Sarawak still has the right to 12 nautical miles of territorial waters – CM

Abang Johari stressed a constitutional point by referring to his smartphone.

MIRI: Sarawak has never consented in legislation to the amendment of its border of state territorial waters in Parliament, therefore it still has the right to the established boundary of 12 nautical miles.

Chief Minister Datuk Patinggi Abang Johari Tun Openg, in pointing this out, said the amendment could only be valid in law if this was carried out.

He said he stands by the Federal Constitution as the supreme law in asserting that the boundary of Sarawak’s territorial waters was 12 nautical miles, as laws passed by Parliament that affect and alter the ownership of the territory with all its rights herein can have no constitutional or legal effect without the consent of the Sarawak DUN.

“Sarawak has the right to the established boundaries of water of 12 nautical miles. Nobody can changed that as in Article 2 of the State List, that you can’t change the boundary unless the State consents in legislation.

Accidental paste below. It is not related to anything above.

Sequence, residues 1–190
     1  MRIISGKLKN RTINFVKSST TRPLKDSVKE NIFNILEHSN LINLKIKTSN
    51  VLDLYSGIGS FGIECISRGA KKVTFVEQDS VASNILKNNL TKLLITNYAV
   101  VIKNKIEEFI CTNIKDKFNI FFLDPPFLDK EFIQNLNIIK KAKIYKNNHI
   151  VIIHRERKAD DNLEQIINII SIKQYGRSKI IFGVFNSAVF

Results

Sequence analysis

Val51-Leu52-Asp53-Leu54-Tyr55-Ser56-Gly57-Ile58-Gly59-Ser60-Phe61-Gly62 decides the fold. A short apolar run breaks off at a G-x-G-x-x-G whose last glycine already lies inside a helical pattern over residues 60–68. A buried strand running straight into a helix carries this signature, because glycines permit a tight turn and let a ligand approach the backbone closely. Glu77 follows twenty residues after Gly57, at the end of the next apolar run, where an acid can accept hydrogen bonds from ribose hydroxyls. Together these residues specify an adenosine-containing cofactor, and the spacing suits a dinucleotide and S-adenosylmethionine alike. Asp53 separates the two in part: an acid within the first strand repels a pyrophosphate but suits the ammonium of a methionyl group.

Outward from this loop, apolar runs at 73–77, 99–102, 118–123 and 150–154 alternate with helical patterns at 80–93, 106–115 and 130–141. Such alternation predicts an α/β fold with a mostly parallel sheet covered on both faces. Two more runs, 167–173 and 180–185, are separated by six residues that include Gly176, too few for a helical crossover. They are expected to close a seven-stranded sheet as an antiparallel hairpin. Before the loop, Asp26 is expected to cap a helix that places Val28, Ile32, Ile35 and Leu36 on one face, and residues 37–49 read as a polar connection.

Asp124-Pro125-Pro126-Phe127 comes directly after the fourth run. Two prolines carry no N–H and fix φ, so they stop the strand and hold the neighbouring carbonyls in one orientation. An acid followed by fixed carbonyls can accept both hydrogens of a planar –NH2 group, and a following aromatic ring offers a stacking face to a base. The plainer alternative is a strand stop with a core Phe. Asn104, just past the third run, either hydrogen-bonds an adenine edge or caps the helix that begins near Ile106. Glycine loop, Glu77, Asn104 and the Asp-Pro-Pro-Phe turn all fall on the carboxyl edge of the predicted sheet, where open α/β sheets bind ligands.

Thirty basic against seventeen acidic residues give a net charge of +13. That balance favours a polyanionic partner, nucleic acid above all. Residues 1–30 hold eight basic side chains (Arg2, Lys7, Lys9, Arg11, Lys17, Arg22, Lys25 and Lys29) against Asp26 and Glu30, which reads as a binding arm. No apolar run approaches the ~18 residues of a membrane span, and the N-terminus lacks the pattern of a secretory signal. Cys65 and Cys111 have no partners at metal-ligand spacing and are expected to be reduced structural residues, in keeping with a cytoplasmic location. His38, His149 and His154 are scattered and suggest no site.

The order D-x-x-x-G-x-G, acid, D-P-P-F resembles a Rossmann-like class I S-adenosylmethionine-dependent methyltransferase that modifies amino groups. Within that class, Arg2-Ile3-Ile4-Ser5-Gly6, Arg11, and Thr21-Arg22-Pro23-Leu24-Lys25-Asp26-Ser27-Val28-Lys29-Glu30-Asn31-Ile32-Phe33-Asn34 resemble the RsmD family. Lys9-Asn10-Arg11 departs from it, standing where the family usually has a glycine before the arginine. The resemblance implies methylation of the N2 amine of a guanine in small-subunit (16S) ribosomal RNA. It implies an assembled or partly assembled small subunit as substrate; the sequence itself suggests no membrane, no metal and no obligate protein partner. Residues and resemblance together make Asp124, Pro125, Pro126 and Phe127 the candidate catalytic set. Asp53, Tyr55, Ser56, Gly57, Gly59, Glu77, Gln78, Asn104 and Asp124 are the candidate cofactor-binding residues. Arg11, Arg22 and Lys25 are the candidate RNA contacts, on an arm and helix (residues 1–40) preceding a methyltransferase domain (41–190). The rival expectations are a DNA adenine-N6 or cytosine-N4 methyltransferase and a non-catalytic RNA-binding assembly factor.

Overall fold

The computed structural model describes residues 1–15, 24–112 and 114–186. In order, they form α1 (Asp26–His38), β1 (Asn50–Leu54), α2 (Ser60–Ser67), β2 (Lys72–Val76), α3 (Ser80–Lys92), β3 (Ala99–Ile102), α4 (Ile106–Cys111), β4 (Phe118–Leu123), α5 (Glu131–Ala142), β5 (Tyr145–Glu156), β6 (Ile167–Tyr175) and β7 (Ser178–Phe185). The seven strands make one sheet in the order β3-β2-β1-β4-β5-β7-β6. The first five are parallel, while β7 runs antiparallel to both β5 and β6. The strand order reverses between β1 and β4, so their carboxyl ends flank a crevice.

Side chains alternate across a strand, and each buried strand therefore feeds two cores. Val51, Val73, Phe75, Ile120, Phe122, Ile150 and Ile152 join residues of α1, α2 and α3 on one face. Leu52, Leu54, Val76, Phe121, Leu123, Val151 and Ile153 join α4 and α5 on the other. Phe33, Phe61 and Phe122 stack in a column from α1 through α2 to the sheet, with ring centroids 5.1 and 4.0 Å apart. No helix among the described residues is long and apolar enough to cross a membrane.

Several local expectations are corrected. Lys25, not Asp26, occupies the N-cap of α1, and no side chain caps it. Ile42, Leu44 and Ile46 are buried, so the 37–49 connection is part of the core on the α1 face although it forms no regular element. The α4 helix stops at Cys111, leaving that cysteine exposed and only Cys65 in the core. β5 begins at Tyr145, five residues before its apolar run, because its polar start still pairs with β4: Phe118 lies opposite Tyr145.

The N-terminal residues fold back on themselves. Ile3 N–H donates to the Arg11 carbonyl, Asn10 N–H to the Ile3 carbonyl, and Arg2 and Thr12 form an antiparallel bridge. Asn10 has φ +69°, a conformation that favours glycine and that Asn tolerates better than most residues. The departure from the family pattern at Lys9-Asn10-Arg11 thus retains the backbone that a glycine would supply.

“I stand by the Federal Constitution as the supreme law. If I am wrong, sue me but if I am right, support me,” he said at the Sarawak Chamber of Commerce and Industry (SCCI) Miri region luncheon dialogue attended by a crowd of 400 from the business community in Miri.

Abang Johari said the current Prime Minister Datuk Seri Najib Razak has been supportive of this stand and listens to Sarawak’s voice on her state rights.

He reminded that the formation of Petroleum Sarawak Berhad (Petros) and the exercising of the constitutional rights under Item 2© of the State List and 8(j) of the Federal List as provided in the Ninth Schedule of the Federal Constitution was aimed at greater participation of Sarawakian players in the oil and gas industry apart from exploiting her resources according to the state rights.

Ownership of territorial seas and waters means it is within Sarawak’s right to take control of her marine wealth and to exercise the power to grant licences for prospecting, exploration, granting of oil mining leases, and to issue deep-sea fishing licences.

Article 2(b) empowers the Parliament to alter the boundaries of any state but a law altering the boundaries of a state shall not be passed without the consent of that state.